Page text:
So like I said, I wish I had an experience like yours. It’s not an easy battle, but God is good to those who seek Him.

    Reply
  16. e2

    If you could, help me understand the female’s feelings of being objectified, because from where I sit as a man, I see what appears to be inconsistency in this area.

    I’ll set aside for the moment the porn participants themselves. I’m inclined to assume that, if they’re doing it voluntarily, they don’t feel objectified, but I realize that may not be a valid assumption. They may just be doing it for the money and enduring their feelings of objectification. I once read many years ago that strippers generally hate men.

    But if I consider mainstream women — those not involved in porn — I still see inconsistencies. Before I married, any time I dated a woman, she dressed in a manner that seemed intentionally designed to appeal to my visual nature as a man. Eyes became smokier, lipstick became bolder, shoulders were bared, as were toes, and heels became higher. Everything about her appearance said to me, “Look at me and desire me.”

    Then there is the current tendency for women to strip down for a camera as a way to attack body-shaming and to express their self-confidence. I can’t tell you how many bait-click links I see of mainstream celebrities and athletes (Olympic gymnast, Aly Raisman comes to mind) being photographed nude or nearly nude as an expression of self-acceptance. They are then praised by other women for their bravery. This seems to me to be a very anti-feminist double standard. I don’t get it. A man is called brave if he dodges bullets to save his fellow soldiers in battle. A woman is called brave if she takes off her clothes for a photographer. If I were a woman, I would be totally offended by what appears to me to be a low standard for courage.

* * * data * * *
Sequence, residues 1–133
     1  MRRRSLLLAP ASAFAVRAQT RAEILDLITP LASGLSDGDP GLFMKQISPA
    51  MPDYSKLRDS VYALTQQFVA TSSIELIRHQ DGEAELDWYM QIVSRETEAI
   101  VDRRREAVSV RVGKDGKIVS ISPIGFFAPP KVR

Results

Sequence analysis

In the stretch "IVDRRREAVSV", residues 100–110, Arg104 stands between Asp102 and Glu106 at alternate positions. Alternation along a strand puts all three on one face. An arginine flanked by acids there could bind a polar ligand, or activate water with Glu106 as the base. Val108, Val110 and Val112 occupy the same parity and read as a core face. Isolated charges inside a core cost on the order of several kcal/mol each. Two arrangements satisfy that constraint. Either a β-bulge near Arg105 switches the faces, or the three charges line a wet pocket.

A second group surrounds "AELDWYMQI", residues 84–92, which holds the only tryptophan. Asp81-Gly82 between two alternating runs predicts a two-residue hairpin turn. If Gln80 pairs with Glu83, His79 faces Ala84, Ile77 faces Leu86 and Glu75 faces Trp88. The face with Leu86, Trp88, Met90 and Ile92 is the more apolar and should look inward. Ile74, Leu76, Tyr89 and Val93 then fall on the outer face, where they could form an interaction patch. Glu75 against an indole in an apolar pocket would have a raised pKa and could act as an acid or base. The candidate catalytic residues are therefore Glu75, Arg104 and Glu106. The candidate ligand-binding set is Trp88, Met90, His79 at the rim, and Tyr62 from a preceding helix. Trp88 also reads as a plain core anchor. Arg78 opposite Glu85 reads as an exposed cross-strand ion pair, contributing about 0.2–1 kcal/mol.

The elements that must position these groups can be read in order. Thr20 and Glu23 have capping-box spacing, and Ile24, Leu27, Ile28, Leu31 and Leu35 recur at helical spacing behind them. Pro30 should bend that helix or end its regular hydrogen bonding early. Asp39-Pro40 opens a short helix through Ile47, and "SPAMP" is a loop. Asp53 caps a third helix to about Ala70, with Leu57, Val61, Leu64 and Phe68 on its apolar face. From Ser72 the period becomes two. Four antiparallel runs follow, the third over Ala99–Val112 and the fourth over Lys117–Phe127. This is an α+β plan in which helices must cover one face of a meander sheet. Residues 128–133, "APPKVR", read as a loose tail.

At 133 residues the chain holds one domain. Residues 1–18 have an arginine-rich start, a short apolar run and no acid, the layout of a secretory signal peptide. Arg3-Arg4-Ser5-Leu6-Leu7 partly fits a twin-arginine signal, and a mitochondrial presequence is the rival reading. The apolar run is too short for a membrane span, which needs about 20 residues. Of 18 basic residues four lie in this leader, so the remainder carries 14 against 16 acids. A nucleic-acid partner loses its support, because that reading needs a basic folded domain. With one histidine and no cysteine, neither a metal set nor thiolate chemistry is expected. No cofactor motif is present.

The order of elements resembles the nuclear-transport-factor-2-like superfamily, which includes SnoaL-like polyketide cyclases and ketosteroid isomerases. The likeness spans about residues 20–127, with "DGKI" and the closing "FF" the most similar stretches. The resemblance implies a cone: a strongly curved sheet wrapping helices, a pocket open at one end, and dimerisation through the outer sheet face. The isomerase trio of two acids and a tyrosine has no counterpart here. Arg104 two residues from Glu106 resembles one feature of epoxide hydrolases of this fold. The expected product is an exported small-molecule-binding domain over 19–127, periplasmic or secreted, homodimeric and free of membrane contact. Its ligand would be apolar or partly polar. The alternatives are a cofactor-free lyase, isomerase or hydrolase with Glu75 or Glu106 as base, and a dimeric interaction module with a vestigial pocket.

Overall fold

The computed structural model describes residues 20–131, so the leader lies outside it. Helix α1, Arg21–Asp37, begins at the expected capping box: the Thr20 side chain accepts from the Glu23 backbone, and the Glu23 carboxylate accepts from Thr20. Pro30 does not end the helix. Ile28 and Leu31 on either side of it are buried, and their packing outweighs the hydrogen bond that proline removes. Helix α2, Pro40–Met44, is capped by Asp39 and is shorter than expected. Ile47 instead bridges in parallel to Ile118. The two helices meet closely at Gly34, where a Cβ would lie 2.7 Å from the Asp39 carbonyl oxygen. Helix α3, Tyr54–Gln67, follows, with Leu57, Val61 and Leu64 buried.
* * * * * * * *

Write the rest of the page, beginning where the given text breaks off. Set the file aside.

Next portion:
I guess I don’t understand how woman feel objectified when so many of them seem to enjoy putting their assets on display to varying degrees.

    Reply
    1. J Post author

      Short answer: They’re objectifying themselves. And no, I don’t consider that bravery in the least.

      Reply
  17. Tom Hillson

    E writes “There is evidence that the female sex drive is awakened by engaging in sexual activity, not prior to”. But how, E, is that a sex DRIVE if it has to be awakened?

    Reply
    1. J Post author

      I’ll pipe in and say, so what if it isn’t? Maybe it’s sexual response rather than drive. That would only mean that male/female sexuality is different, and what works best is for husband and wife to work together so they can both express their core sexuality.

      I believe that they’re both libido, however, which is simply defined as “sexual desire.”

      Reply
      1. E

        Thanks, J. I agree with you re libido/sexual desire.

        Tom, I can see what you mean re ‘sex drive’. Perhaps the wording was wrong. However, I think my point still stands if you change the words drive to desire…women may have a stronger desire for sex, once it is awakened, which still means that they are FAR from asexual.

        Reply
  18. Pingback: Q&A with J: Is Animated Porn a Problem? | Hot, Holy & Humorous